What is the American Legislative Exchange Council (ALEC)?
-By: Nick Surgey
January 31, 2012- For almost 40 years now, up to 300 of the largest US corporations—including Koch Industries, Verizon, Bank of America and Exxon—have used ALEC to push model legislation, which is beneficial to their corporate interests, into law in the states. ALEC boasts that a third of all state legislators in the US are members, introducing around 1,000 ALEC bills every year. By using ALEC to pursue their agenda, they are able to hide their fingerprints, avoid lobbying disclosure, and evade the kind of increased scrutiny that comes when citizens know it’s actually corporationsthat draftedsome of their most important laws. Recent ALEC bills have rolled back voting rights, reduced environmental protections and stripped away collective bargaining rights for workers around the country.
When Florida Rep. Rachel Burgin (R- 56) introduced a bill in November calling on the federal government to reduce taxes for corporations (HM 685), she made an embarrassing mistake. Rep. Burgin was introducing a bill she had received from the corporate-funded American Legislative Exchange Council. A bill written by the Tax Foundation, corporate members of ALEC’s ‘Tax and Fiscal Policy task force” and a group founded and funded by major corporate interests, including the billionaire Koch brothers.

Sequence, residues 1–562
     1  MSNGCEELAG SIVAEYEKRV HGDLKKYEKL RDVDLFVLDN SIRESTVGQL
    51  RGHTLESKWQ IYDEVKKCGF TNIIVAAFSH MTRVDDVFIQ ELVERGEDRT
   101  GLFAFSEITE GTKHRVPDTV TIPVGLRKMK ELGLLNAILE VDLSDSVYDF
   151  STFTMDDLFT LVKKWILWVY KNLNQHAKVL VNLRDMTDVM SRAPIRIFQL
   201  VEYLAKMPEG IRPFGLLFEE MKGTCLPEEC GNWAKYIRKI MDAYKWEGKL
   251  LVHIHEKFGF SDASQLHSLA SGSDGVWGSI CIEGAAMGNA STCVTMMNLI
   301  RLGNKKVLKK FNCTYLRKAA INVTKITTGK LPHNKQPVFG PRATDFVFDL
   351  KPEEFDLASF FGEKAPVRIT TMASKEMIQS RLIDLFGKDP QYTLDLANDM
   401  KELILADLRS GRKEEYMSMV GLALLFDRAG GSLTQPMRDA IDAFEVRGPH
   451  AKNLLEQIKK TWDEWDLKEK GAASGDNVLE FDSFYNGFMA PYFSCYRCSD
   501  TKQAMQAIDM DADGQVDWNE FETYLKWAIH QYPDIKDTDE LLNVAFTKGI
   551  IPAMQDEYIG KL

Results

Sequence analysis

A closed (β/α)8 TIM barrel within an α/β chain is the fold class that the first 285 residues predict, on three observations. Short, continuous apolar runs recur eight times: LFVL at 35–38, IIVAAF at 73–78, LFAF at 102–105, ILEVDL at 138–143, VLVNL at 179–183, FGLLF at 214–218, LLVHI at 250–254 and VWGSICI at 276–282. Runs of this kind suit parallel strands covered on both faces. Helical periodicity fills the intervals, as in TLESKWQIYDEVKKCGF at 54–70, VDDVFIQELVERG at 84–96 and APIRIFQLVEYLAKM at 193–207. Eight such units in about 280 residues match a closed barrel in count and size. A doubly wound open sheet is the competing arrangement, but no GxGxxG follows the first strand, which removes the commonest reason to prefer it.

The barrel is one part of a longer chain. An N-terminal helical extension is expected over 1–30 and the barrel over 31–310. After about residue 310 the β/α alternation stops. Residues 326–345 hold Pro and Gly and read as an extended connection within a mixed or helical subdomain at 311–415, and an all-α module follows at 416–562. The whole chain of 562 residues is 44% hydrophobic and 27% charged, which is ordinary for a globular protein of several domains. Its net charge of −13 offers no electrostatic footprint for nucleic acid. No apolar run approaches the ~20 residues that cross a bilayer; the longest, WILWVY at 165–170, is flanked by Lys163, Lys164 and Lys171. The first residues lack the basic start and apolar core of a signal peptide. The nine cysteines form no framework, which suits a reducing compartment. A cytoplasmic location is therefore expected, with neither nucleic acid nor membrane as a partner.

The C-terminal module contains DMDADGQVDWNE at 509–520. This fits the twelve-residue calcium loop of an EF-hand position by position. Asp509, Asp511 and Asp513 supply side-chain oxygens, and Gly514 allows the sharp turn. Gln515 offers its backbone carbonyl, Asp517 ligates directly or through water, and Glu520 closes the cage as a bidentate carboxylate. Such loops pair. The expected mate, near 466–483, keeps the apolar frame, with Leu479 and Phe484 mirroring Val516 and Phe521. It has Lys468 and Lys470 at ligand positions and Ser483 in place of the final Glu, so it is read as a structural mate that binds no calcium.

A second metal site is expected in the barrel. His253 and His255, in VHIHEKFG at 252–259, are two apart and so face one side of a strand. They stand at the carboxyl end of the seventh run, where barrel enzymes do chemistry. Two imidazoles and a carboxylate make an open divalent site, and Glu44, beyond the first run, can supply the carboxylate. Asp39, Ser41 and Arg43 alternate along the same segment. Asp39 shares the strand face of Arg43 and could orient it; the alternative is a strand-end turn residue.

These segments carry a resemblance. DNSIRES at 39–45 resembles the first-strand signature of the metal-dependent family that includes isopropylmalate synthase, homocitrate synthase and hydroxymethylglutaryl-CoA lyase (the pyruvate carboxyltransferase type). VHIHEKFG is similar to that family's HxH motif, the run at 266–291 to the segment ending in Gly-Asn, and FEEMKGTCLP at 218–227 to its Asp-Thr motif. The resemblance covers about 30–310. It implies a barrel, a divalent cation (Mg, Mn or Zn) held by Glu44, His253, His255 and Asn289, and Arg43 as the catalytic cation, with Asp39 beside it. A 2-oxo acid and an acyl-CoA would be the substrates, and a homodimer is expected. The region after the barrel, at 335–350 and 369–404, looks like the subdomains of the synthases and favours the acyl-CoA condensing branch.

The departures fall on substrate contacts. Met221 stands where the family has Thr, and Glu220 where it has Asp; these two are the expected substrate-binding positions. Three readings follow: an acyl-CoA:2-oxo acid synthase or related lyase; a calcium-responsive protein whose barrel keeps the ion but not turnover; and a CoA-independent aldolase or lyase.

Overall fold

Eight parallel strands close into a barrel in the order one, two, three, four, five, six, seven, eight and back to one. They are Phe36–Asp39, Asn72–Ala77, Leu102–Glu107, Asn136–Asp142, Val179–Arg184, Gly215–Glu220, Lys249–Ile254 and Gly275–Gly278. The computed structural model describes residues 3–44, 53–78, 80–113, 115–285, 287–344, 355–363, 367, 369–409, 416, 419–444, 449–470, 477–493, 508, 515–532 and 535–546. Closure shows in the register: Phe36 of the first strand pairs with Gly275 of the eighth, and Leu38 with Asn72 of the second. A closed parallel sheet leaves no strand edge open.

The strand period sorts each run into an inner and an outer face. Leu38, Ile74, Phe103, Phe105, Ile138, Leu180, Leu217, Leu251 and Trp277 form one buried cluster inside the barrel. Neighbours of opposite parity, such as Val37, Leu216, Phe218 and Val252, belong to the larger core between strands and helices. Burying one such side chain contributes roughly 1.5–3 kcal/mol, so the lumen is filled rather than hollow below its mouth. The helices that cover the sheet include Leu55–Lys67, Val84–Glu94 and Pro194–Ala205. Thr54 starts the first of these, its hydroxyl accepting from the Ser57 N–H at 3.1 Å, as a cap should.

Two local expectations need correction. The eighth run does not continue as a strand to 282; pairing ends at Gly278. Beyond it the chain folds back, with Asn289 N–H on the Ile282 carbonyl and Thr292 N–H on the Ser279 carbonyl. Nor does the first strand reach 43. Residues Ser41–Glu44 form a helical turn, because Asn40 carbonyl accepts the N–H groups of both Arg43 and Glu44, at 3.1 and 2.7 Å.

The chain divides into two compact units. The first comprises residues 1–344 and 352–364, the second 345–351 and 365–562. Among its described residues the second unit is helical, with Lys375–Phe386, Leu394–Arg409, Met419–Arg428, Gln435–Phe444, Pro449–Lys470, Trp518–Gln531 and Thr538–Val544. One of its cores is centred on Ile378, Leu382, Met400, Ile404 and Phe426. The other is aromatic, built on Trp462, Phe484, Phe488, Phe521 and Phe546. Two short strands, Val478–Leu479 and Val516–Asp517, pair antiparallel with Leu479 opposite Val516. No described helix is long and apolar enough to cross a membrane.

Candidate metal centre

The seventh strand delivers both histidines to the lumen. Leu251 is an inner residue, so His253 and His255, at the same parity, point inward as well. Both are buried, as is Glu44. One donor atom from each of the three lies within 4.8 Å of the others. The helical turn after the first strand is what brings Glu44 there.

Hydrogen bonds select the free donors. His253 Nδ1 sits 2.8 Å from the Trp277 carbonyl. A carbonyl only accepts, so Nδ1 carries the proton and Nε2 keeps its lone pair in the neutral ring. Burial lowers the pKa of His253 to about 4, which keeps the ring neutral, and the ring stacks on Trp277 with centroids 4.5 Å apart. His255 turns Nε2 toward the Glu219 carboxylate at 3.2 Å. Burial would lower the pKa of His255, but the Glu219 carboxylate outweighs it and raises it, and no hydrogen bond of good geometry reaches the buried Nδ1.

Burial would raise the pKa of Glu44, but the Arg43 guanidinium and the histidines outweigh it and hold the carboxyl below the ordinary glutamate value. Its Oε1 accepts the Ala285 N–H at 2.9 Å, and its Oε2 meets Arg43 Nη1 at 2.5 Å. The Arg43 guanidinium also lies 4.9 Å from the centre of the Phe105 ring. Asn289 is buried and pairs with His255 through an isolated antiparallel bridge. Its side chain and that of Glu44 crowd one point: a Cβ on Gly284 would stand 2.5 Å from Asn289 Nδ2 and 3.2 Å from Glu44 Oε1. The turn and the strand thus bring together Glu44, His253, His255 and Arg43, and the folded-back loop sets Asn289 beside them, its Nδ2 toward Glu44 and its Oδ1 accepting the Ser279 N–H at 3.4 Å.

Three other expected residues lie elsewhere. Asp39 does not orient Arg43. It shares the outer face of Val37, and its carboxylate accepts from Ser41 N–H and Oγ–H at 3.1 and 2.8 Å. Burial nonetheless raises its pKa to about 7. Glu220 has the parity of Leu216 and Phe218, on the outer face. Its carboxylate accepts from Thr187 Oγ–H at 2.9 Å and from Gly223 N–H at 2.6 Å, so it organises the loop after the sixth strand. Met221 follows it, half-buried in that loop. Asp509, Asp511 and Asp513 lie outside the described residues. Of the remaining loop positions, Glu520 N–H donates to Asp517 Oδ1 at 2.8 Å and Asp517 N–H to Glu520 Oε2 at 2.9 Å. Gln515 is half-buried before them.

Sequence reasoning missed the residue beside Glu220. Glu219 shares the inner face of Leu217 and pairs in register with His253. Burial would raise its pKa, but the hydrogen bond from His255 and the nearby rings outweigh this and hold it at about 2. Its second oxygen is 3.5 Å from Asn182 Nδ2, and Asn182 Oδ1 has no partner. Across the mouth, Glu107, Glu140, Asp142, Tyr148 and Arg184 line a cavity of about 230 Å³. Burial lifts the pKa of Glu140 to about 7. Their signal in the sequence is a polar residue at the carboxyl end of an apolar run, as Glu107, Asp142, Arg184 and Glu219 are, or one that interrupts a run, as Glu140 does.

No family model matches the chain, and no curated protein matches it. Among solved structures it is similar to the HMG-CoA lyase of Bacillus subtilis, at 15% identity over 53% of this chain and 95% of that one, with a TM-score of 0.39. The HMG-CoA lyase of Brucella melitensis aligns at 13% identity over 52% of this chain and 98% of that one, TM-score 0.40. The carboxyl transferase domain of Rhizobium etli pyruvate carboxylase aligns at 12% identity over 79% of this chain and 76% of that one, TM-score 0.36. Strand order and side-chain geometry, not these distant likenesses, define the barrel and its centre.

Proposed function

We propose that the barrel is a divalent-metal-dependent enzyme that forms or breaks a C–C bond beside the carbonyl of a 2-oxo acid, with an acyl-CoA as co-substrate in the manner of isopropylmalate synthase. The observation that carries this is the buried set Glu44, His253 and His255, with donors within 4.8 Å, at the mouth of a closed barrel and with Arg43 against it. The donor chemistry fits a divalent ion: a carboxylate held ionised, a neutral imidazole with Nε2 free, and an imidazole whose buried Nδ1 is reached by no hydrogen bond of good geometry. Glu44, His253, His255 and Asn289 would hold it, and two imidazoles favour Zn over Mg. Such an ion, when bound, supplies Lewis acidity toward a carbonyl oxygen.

All ALEC model resolutions contain a boilerplate paragraph, describing ALEC’s adherence to free market principles and limited government. When legislators introduce one of ALEC’s bills, they normally remove this paragraph. Sometimes (but only sometimes) legislators will make some slight alterations to anALEC model bill,perhaps to include something specific to them or to their state. Rep. Burgin didn’t do that. Instead she introduced a bill that was the same as the model word-for-word, forgetting even to remove the paragraph naming ALEC and describing its principles.
As a Texas Governor might say; “Oops!”
The next day, Rep. Burgin quickly withdrew the bill hoping that no one had noticed and then re-introduced it 24-hours later, with a new bill number (HM 717), but now without the problematic paragraph. Nobody seems to have noticed until now.